14 May 2013
Thinking of transferring or selling your business?
For most entrepreneurs getting a new venture off the ground, making a profit and building a successful enterprise are what really matters and thoughts about transferring or selling the business are unlikely to be uppermost in their mind.
However, as Craig Williams, private client partner, explains, there are a number of reliefs available which enable you to mitigate the tax due on the capital value of your business, making sure you exit the business in the most efficient way and with the approval of Her Majesty’s Revenue and Customs.
The two principle reliefs are Entrepreneurs Relief (ER) and Business Property Relief (BPR). The former is available if you transfer or sell the business during your lifetime and the latter is available if you transfer your business on your death.
This is a relief from Capital Gains Tax (CGT) which was introduced in 2008. The lifetime limit on qualifying gains is £10 million and these are taxed at 10% as opposed to 28% (overlooking the lower 18% rate of CGT). So, over a lifetime, the potential benefit from ER in terms of CGT saved is £1.8 million per individual.
Qualifying gains may include:
• the whole or part of a business;
• assets used in a business which has now ceased, provided they are disposed of within three years after cessation; or
• shares in which the individual holds at least 5% of the ordinary voting share capital and is an officer or employee (though with no minimum working requirement).
The business must be (loosely) a trading business (rather than an investment business), if ER is to apply. The business assets or the shares must have been owned for a period of at least 12 months.
Business Property Relief
This is a relief given, either at 100% or at 50%, on a ‘chargeable transfer’ of ‘relevant business property’ which has been owned for at least two years. There will be a chargeable transfer (a) on death where the beneficiary is other than a surviving spouse/civil partner or a charity or (b) on a lifetime gift to an individual (a potentially exempt transfer or PET) where the donor fails to survive for seven years.
A lifetime gift to a trust (whether for the benefit of one or more individuals or on a discretionary basis) will be an immediately chargeable transfer, albeit with a chargeable amount of nil if 100% relief applies.
The expression ‘relevant business property’ embraces six different categories of property, the principal ones being an interest in a business (which must be carried on for gain) and unquoted shares, both of which qualify for 100% relief.
Three categories of property attract 50% relief, including land or buildings used in the business but owned outside the business by a partner in the partnership or a controlling shareholder in the company which carries on the business. The relevant business property must have been owned for at least two years.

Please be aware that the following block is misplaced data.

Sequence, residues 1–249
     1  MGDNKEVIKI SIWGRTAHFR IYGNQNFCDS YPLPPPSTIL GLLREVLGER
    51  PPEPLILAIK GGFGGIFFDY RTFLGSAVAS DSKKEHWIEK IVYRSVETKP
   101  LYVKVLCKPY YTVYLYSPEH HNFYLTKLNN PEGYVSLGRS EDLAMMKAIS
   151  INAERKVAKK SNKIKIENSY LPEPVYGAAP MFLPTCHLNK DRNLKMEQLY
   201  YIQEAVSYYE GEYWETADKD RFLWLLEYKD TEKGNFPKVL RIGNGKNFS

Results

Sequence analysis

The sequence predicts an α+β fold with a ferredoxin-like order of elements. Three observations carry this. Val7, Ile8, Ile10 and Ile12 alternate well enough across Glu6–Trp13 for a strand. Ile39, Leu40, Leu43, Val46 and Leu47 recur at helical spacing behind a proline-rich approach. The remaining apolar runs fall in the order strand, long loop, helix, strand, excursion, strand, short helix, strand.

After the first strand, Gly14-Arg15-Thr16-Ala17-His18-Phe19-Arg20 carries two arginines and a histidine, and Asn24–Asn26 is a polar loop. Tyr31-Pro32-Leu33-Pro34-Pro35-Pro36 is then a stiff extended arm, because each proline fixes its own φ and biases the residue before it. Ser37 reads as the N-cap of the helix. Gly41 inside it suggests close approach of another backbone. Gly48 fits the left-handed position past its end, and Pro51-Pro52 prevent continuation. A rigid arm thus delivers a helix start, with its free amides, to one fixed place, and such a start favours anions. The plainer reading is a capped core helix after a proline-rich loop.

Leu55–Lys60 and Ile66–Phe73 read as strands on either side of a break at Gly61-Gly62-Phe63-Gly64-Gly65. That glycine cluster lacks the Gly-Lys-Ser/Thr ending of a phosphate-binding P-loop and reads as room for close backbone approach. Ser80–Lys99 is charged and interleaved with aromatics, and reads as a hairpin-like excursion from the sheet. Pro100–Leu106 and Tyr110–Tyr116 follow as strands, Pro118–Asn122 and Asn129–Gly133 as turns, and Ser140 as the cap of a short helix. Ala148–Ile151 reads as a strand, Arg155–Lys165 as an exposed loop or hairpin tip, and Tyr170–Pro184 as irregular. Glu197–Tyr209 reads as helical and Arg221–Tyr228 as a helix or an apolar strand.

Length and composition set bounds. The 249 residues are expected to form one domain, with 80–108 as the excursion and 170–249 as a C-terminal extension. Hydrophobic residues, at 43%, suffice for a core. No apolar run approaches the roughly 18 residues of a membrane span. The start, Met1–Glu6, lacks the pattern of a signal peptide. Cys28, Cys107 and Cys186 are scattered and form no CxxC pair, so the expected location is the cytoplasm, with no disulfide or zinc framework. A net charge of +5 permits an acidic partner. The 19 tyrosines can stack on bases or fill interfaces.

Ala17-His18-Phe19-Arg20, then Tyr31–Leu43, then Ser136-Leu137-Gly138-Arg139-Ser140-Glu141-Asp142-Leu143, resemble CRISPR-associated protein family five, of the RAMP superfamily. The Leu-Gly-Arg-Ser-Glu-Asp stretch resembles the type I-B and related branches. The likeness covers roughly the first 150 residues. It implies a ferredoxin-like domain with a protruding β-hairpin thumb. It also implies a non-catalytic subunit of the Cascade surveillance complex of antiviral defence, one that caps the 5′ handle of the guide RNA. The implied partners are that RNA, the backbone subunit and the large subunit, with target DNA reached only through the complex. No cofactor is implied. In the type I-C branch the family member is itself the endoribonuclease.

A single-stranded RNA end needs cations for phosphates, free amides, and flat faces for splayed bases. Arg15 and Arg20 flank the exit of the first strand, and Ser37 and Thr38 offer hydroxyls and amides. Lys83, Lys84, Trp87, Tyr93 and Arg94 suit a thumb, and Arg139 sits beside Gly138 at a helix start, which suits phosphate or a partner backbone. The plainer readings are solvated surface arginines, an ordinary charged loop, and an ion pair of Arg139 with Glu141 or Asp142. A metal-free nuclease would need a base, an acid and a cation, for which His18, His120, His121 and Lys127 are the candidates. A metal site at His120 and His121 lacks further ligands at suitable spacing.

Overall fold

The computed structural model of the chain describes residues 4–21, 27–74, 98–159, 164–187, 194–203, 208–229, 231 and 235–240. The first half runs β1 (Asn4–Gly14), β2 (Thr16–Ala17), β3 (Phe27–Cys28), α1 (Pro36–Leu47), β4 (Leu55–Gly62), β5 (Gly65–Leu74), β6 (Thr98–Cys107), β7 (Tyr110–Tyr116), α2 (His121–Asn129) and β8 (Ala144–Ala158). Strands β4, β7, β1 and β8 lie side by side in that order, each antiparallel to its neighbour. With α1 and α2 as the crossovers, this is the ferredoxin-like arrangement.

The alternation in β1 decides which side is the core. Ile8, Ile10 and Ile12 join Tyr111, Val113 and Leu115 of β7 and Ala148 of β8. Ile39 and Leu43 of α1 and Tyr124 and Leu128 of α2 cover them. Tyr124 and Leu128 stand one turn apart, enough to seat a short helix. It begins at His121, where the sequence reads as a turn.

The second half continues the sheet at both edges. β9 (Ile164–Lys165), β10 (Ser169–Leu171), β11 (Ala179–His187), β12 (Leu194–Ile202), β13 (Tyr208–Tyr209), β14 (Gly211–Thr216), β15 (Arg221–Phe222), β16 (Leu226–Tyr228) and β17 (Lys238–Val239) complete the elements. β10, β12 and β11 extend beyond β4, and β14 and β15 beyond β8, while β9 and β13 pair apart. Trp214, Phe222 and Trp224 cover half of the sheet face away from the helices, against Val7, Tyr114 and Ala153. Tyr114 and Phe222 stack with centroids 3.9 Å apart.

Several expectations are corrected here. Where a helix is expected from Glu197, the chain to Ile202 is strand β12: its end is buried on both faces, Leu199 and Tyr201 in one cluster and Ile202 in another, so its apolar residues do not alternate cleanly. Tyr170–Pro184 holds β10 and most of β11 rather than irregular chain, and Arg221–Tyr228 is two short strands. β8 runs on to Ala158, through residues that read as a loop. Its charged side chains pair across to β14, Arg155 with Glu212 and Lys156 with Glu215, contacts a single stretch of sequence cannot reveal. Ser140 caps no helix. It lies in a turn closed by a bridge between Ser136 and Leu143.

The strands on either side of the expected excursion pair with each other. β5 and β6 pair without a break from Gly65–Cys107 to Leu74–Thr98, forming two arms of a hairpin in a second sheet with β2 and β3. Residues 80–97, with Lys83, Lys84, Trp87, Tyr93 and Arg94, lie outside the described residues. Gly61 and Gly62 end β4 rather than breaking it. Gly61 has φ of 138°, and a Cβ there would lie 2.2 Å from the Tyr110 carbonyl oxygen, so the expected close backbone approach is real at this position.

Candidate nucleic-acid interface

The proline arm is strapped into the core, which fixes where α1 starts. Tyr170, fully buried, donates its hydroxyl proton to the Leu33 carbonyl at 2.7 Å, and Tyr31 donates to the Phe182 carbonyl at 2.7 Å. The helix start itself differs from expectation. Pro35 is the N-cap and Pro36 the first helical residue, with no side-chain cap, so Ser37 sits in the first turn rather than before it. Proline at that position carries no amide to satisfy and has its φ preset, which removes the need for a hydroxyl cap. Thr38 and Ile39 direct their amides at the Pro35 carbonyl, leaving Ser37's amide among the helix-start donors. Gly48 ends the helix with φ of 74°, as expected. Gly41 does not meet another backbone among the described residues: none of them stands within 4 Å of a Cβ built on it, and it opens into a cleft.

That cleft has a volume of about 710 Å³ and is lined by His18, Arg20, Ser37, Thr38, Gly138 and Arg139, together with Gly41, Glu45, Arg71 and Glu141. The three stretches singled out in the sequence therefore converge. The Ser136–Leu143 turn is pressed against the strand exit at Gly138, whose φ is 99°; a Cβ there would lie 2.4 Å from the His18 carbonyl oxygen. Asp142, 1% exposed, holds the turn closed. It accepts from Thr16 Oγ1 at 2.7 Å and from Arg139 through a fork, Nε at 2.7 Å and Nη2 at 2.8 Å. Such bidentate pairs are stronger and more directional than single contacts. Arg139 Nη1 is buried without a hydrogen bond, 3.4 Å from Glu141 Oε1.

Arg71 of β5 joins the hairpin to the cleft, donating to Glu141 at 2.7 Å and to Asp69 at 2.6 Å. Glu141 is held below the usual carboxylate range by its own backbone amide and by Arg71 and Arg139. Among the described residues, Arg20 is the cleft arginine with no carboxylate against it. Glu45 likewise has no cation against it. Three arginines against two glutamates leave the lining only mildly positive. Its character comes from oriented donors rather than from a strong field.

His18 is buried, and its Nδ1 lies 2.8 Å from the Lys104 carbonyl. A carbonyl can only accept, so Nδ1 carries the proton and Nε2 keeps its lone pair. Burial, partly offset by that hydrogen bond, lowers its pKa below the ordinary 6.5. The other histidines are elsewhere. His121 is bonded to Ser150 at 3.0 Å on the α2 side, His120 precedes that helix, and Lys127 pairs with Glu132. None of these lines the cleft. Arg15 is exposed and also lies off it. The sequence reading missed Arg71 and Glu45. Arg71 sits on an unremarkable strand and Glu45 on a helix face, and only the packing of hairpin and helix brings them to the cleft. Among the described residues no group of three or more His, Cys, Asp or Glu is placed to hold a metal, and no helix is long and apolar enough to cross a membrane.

The term ‘business’ is a wide one, embracing both trades (which generally attract relief) and investment activities (which do not). Assets within the qualifying business which are either private (for example a residence) or surplus to business requirements are denied relief, as so-called ‘excepted assets’.
The arguments for gifts on death
It is, adds Craig, generally preferable to make gifts on death rather than during lifetime.
“As long as BPR remains at 100%, it is likely to be more tax efficient to make the substantive gift of the business on death in your will,” he said.
“While, perhaps in order to incentivise the younger generation, a measure of lifetime giving might take place, there are three advantages in waiting until death to make the gift:
1. there is no CGT to pay, with the beneficiary acquiring the asset for CGT purposes at market value at death;
2. attention does not have to be given to either (a) the reservation of benefit rules for IHT purposes under which generally a gift is ineffective if the donor retains a benefit from it; or (b) the clawback rule, which retrospectively denies BPR in the event of the donor’s death within seven years unless the donee(s) continue(s) to own and run the business at that point; and
3. decisions on succession can be deferred – albeit not always a good thing.”
The argument for lifetime gifts
There may however, says Christine, be occasions when it would be appropriate to bring one or more children into the ownership of the business, especially if they are working in it, for which lifetime gifts will be necessary.
With the benefit of 100% BPR, he says there should be no IHT consequences of a gift (even if made to trustees), provided the donor does not reserve a benefit and the clawback rule is satisfied.
However, there will be a disposal for CGT purposes on which ER may be available. If this is the case the donee would take the gift at the market value at the date of the gift.
Alternatively, it is possible to “hold over” the gain arising on the disposal, so that the donee takes on the donor’s acquisition cost. Hold-over relief will usually be claimed to defer CGT on a lifetime gift, but it might be sensible to accept a CGT liability at 10%: the advantage would be that the market value at the date of the gift would then be taken on by the donee, as opposed to the donor’s historic acquisition cost if the gain were to be held over.
“Entrepreneurs’ need to think about the timing of the disposal of their interest in their business,” concluded Craig. “It’s clear that this will depend on a number of circumstances and it’s important to take professional advice before making any decisions.”